Home History of Hymns: "Praise, My Soul, the King of Heaven"

History of Hymns: "Praise, My Soul, the King of Heaven"

"Praise, My Soul, the King of Heaven"
Henry Francis Lyte
The United Methodist Hymnal, No. 66

Henry Francis Lyte

"Praise, my soul, the King of heaven,
To the throne thy tribute bring;
Ransomed, healed, restored, forgiven,
Evermore God's praises sing.
Alleluia! Alleluia!
Praise the everlasting King."

The psalms are a source of inspiration for hymn writers. Psalm 103 is the basis of "Praise, My Soul, the King of Heaven" by Henry Francis Lyte (1793-1847).

Born in Scotland and educated at Enniskillen and Trinity College in Dublin, Lyte's most significant appointment was as Anglican curate at Lower Brixham, Devonshire, England, where he served for 24 years.

Kenneth Osbeck notes that Lyte "was known as a man frail in body but strong in faith and spirit." Suffering from chronic asthma and tuberculosis, he retired from his parish in September 1847. Seeking a better climate in Italy, he died that November in Nice, France, on his way to Rome.

Lyte's poetry earned him several honors. His collections include Tales on the Lord's Prayer in Verse (1826), Poems, Chiefly Religious (1833, 1845), and The Spirit of the Psalms (1834).

His most famous hymn was "Abide with me, fast falls the eventide" -- which represents the heart of the Romantic style for hymn scholar Ian Bradley. This hymn, originally in five stanzas, was published as one of 280 free psalm paraphrases in The Spirit of the Psalms. One of three paraphrases of Psalm 103, Lyte took a very free approach to his interpretation.

An Anglican minister, he drew upon Miles Coverdale's translation as found in the Book of Common Prayer rather than the Authorized King James Version.

Instead of beginning with "Bless the Lord, O my soul," this translation opens with: "Praise the Lord, O my soul: and all that is within me praise his holy Name. Praise the Lord, O my soul: and forget not all his benefits; who forgiveth all thy sin: and healeth all thine infirmities; Who saveth thy life from destruction: and crowneth thee with mercy and loving-kindness."

One can see these theological ideas in the opening stanza of Lyte's hymn, but in a free poetic form.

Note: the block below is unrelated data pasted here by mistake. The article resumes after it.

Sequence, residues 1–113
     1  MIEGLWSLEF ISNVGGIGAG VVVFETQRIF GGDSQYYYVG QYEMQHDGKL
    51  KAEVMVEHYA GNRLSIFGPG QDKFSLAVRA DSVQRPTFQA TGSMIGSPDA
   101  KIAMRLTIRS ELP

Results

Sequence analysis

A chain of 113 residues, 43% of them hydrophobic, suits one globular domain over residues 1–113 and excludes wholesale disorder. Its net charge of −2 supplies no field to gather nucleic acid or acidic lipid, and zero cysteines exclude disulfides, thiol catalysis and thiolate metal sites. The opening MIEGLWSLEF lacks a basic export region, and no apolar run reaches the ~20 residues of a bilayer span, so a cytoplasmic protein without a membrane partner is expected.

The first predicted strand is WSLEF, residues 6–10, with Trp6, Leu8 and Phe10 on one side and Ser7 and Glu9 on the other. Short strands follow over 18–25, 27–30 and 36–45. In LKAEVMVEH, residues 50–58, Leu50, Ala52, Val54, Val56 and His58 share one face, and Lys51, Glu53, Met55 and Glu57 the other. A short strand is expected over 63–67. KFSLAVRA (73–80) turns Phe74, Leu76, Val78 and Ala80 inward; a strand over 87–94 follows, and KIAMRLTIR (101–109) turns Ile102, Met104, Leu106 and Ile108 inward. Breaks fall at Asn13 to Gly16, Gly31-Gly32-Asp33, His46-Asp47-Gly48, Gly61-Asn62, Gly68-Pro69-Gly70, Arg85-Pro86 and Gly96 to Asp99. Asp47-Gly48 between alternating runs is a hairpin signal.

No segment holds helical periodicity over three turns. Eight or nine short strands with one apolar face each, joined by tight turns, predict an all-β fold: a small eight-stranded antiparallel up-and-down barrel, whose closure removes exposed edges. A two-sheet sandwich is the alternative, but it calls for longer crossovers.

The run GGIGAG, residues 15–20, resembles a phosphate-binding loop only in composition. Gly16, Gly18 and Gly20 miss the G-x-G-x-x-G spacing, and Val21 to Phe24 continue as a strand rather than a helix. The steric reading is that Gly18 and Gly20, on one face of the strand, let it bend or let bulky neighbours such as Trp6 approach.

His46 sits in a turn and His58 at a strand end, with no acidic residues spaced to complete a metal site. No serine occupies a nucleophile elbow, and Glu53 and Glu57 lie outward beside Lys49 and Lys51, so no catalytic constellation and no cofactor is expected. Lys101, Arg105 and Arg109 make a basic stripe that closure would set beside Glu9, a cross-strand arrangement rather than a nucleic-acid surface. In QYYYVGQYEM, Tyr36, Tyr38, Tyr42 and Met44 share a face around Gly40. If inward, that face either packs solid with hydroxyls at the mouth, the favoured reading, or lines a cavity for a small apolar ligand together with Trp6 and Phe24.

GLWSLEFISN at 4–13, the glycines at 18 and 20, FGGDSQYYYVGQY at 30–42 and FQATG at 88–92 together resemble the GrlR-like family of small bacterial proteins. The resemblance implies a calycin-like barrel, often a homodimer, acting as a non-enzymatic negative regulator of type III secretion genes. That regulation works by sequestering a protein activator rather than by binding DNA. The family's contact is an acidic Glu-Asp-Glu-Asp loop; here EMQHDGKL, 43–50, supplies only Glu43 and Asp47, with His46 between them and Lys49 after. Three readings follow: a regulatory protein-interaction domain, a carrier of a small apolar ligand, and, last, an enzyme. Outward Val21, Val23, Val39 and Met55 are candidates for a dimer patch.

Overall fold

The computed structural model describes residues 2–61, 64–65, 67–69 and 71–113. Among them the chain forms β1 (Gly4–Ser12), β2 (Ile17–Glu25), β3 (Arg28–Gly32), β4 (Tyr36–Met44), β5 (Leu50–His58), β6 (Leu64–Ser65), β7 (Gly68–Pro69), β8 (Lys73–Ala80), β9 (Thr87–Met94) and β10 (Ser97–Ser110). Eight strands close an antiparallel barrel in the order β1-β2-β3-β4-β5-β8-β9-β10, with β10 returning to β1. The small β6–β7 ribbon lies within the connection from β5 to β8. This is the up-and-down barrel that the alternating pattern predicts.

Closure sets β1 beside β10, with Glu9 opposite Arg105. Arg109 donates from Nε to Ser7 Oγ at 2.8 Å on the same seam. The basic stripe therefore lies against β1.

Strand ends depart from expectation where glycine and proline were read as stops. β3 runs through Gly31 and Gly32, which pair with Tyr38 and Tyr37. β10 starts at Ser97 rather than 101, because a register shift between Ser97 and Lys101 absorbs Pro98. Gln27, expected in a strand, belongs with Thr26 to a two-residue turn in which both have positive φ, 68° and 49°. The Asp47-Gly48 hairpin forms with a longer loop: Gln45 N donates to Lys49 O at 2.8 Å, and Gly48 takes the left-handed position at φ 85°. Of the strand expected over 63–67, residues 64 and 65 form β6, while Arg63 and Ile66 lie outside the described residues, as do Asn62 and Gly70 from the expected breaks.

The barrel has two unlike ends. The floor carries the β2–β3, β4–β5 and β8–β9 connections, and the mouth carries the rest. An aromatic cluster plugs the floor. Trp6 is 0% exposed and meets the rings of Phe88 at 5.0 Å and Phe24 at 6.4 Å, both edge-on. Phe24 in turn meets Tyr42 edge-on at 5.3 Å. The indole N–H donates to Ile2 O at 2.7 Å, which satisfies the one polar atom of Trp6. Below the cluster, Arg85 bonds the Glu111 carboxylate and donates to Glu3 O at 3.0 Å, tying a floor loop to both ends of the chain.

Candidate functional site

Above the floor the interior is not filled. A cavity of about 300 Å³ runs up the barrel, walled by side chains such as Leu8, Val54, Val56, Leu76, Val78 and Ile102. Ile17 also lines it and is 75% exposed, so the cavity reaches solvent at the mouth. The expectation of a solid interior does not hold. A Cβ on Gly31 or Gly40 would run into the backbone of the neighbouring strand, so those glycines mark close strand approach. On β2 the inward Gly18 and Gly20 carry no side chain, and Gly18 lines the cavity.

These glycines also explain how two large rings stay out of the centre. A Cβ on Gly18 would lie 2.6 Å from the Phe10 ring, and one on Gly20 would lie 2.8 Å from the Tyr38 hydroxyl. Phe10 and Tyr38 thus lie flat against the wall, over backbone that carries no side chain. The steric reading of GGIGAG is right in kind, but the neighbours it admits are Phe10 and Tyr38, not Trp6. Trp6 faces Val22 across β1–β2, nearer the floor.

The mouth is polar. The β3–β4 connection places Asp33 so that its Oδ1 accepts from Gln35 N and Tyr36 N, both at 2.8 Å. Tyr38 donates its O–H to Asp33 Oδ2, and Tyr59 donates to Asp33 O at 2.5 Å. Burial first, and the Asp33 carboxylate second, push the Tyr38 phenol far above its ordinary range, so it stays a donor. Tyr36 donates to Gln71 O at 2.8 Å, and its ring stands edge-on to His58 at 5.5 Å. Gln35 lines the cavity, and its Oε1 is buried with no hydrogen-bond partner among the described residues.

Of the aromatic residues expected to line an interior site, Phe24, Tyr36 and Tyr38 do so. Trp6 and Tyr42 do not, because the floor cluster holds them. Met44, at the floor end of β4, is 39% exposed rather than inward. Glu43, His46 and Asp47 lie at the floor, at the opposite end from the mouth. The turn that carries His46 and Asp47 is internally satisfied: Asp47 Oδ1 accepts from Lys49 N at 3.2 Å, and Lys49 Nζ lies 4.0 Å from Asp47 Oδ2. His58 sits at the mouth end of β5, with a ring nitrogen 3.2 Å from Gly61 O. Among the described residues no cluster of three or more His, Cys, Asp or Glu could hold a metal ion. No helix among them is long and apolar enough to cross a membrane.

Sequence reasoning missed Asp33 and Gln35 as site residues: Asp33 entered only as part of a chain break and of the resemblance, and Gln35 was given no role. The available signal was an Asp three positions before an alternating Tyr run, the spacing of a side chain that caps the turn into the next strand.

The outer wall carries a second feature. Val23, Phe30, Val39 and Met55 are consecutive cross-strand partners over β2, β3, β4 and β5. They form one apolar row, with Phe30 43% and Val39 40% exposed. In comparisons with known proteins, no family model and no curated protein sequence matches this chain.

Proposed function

When the hymn appeared in the influential collection Hymns Ancient and Modern, the editors substituted "Alleluia! Alleluia!" for "Praise him! Praise him!" -- a change that not only improved the ease of singing, but elevated the exaltation.

A missing stanza four corresponds very closely with a portion of the psalm (verses 15-17), but is rarely included:

Frail as summer's flower we perish:
Blows the wind and it is gone.
But, while mortals rise and perish,
God endures unchanging on.
Praise him! Praise him!
Praise the high eternal One!

English literary scholar J. R. Watson says lines three and four of this stanza "are weaker than the rest of the hymn." Since the original publication indicated this stanza was optional, Mr. Watson suggests it is best to omit it.

Besides a sense of jubilation, this hymn emphasizes God's providence. Again Mr. Watson notes that the poet "consistently emphasizes the reliability of God."

In stanza two, God's "grace and favor to all people in distress" is praised. Later in the same stanza, we sing that God is "the same as ever, slow to chide, and swift to bless."

Many small changes have been made in the UM Hymnal, mostly for inclusive-language reasons. Here's an example from stanza three, with alterations in brackets:

Father-like, he [God] tends and spares us;
Well our feeble frame he [God] knows;
In his hands he [mother-like God] gently bears us,
Rescues us from all our foes.

The popularity of this hymn has been greatly aided by LAUDA ANIMA, John Goss' tune written in 1869 for this text. Its inclusion in Hymns Ancient and Modern (1875 edition) and in The English Hymnal (1906) have made it one of the most widely sung Victorian tunes.

Dr. Hawn is professor of sacred music at Perkins School of Theology.

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